Choy sum (also spelled choi sum) is a leafy vegetable commonly used in Chinese cuisine. It is a member of the Brassica genus and the Brassicaceae (mustard) family (Brassica rapa var. parachinensis or Brassica chinensis var. parachinensis). Choy sum is a transliteration of the Cantonese name (Chinese: 菜心), which can be literally translated as "vegetable stem". It is also known as Chinese Flowering Cabbage.
Choy sum is a green leafy vegetable similar to kai-lan, and can be characterized by the distinct yellow flowers which it bears. Each flower has four yellow, oval to round petals with six stamens on fleshy, erect stems which are 0.5 to 1 centimetre (0.2 to 0.4 in) in diameter and 15 to 20 centimetres (6 to 8 in) tall with light to dark green, and are oval (becomes acuminate shaped, or basal-shaped near the flowering stage) with slightly serrated margins leaves, which never forms compact heads like the cabbage. Fruits can develop out of cross-pollination or self-pollination, and are silique structured, that opens at maturity through dehiscence or drying to bare open to brown or black seeds that are small and round in shape. A single pod can bear up to 4 to 46 seeds.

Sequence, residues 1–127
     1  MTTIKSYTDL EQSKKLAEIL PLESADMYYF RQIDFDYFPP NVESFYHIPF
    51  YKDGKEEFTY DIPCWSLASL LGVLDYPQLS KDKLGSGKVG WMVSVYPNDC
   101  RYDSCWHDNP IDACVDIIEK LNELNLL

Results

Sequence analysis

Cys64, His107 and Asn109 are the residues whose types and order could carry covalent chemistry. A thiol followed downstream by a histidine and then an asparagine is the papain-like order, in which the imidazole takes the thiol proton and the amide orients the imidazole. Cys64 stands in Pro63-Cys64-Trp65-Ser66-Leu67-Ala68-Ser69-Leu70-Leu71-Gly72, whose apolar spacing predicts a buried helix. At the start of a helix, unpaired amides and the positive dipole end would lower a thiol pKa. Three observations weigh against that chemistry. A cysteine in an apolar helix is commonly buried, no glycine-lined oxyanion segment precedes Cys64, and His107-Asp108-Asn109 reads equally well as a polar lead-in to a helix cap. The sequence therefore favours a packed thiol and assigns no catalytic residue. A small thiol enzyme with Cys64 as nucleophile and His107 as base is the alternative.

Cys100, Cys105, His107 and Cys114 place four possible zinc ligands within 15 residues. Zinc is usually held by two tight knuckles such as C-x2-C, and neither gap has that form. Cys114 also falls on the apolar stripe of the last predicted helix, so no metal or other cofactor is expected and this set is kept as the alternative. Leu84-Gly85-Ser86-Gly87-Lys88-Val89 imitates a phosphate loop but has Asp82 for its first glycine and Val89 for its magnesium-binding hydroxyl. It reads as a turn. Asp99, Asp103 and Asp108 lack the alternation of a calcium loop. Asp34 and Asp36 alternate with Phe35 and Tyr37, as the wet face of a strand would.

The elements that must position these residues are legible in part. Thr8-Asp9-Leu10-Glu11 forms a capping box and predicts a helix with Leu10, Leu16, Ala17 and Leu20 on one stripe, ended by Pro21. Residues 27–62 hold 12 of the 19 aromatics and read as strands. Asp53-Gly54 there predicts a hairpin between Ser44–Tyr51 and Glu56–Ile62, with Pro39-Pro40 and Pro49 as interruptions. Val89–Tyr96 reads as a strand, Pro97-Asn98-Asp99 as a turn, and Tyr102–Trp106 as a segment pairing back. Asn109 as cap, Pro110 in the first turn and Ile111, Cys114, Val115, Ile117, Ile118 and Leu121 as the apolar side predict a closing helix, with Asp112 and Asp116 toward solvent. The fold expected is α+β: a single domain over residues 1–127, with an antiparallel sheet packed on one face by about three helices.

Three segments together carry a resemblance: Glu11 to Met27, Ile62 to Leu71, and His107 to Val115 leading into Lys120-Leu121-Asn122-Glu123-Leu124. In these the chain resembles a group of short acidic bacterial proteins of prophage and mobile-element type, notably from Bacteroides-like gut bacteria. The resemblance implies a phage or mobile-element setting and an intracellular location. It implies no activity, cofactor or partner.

The height of the plant varies greatly, ranging from 10 to 40 centimetres (4 to 16 in) depending on the growing conditions and the variety. Flowering usually appears when there are about 7 to 8 leaves on the plant or about 20 centimetres (8 in) tall. The bulk of the root system is found within a depth of 12 centimetres (5 in) and is confined to a radius of 12 centimetres (5 in).
The whole plant is overall an annual, herbaceous plant, rarely perennial, rarely growing into subshrubs. The whole plant consists of a simple or branched (when it is near the flowering stage), leafy structure. It grows best in soil with a pH range of minimum pH level at 5.6, maximum pH level at 7.5.